Brazilian director Karim Aïnouz’s “Central Airport THF,” a documentary chronicling the lives of refugees living in the German capital’s famed former airport that was built by the Nazi government, screens at IDFA, following its premiere at the Berlinale.
The Panorama premiere marked Aïnouz’s return to the Berlinale four years after his Brazilian-German co-production, “Futuro Beach,” starring Wagner Moura (“Narcos”), unspooled in competition.
In telling a story of people fleeing the horror of war and finding shelter in Tempelhof’s cavernous hangars, the Berlin-based Aïnouz says he sought to make a film about human beings, about solidarity. It was also an effort to present another side to the story that was being depicted in the media. The ubiquitous images of hundreds of people jumping fences and hopping on trains characterized what Aïnouz describes as the “hysterical media coverage” of the refugee crisis in Europe.
“These are human beings, you know?” the filmmaker stresses. “I was very lucky to have people who were generous enough to share their stories.”
While the documentary is about a shelter in Germany in 2016, it’s not insignificant that it also happens to be in an old airport built during the Nazi era and that still impresses with all its monumental splendor. “The irony is all there,” says Aïnouz. “But the red line is really about somebody fleeing from war, trying to make a life living in an airport.”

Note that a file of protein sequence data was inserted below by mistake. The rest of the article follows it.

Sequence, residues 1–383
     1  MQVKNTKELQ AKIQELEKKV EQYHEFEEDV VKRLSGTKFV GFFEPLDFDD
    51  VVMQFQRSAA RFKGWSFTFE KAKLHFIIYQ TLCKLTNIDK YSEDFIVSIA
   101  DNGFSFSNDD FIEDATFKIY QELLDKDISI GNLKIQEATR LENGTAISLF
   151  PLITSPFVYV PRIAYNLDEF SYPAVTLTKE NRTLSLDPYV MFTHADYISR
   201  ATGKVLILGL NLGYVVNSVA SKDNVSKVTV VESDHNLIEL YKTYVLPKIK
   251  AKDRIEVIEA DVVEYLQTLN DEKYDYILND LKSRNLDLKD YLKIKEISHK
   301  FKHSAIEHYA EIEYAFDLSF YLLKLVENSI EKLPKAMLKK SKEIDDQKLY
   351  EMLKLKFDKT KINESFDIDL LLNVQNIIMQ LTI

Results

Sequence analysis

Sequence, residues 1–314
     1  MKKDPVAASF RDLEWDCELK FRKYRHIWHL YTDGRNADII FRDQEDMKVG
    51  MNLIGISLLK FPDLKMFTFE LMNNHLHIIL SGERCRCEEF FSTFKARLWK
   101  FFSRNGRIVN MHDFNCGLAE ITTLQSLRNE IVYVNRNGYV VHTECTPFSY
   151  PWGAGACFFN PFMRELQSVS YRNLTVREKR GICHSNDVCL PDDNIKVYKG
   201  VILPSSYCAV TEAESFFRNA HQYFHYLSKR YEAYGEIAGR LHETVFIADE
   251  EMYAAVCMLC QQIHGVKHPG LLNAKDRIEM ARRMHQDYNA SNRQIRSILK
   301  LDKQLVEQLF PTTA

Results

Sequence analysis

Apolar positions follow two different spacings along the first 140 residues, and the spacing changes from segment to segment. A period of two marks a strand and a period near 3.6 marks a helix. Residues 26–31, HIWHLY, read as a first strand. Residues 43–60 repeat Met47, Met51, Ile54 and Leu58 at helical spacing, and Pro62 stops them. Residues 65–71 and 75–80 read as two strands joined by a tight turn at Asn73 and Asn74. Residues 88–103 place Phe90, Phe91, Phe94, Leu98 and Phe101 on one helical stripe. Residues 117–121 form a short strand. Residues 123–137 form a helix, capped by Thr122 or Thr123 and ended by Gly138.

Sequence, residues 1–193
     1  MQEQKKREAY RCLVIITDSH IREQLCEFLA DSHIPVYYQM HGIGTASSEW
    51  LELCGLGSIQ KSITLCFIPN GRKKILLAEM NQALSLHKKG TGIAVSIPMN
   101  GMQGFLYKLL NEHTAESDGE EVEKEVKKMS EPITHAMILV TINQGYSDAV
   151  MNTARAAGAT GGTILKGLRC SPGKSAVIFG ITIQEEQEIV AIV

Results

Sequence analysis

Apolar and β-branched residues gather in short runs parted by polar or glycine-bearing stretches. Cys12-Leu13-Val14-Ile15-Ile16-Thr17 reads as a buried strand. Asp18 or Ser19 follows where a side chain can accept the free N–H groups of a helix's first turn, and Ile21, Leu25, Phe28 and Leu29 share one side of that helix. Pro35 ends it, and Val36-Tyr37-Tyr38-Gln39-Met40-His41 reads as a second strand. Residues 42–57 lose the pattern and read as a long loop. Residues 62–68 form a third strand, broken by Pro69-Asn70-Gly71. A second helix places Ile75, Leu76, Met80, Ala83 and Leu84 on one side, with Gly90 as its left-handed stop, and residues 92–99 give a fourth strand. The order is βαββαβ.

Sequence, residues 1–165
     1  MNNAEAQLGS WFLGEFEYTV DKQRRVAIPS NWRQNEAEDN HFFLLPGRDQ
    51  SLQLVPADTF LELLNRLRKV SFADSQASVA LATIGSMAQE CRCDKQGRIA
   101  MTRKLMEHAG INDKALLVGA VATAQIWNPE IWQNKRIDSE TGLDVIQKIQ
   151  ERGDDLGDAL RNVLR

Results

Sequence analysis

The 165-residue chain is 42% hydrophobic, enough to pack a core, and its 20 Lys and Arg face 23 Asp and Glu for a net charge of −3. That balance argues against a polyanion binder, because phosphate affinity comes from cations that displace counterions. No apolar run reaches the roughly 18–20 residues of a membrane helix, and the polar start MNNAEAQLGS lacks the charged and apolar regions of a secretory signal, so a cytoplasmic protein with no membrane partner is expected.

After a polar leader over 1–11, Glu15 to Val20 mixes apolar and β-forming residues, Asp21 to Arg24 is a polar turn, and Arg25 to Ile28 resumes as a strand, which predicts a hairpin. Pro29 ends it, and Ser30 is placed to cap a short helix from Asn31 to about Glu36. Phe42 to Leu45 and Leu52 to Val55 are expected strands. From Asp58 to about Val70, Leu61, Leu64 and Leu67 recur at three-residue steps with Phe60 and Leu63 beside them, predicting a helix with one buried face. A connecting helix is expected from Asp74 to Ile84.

Aïnouz originally set out to make video installations about Berlin’s four airports in 2012 to coincide with the impending closure of the city’s Tegel and Schönefeld airports and the opening of the new Berlin Brandenburg International Airport, but the latter’s constant delays put the project on hold.
A former student of architecture who is “obsessed with airports,” Aïnouz then decided to just focus on the historical site of Tempelhof, which closed in 2008, and its use as a public space and city park, but in mid-2015, the refugee crisis began.
Aïnouz was alarmed by the media coverage. “I felt really compelled to do something about it because I felt the way the mainstream media was covering the arrival of people in Europe was just really, really dangerous — the people jumping from trains, this whole feeling of panic. I was really getting worried about it. The more people came, the more hysterical and crazy the coverage became.”
“Central Airport THF” focuses on two individuals, an 18-year-old boy from Syria and a 35-year-old man from Iraq who was forced to flee before he could graduate form medical school.
“These are two men who are somehow trying to make a life here, fleeing war but from very different perspectives, one has a whole life ahead of him, the other has a dream of becoming a doctor,” Aïnouz explains.
In making the documentary and telling the story largely through visual narration, Aïnouz also explored new territory as a filmmaker. “I have never done an observational, sort of classic documentary in my life before and it was amazing — it was totally a first for me.”
Aïnouz will next re-team with “Call Me by Your Name” producer Rodrigo Teixeira on “The Invisible Life,” a feature film set in 1950s Rio de Janeiro that follows the lives of two sisters and set to go into production in May. Teixeira also produced Aïnouz’s 2011 drama “The Silver Cliff.”
The director is also planning a documentary about the Algerian revolution and his own family history that will take him to his father’s native country for the first time. “My dad is Algerian, but I’ve never been there for different reasons — that’s one of the subjects of the film. It’s a complicated family story, but it’s a good one.”
“Central Airport THF” was produced by Felix von Boehm’s Berlin-based Lupa Film and is being sold internationally by Fiorella Moretti and Hédi Zardi’s Paris-based Luxbox.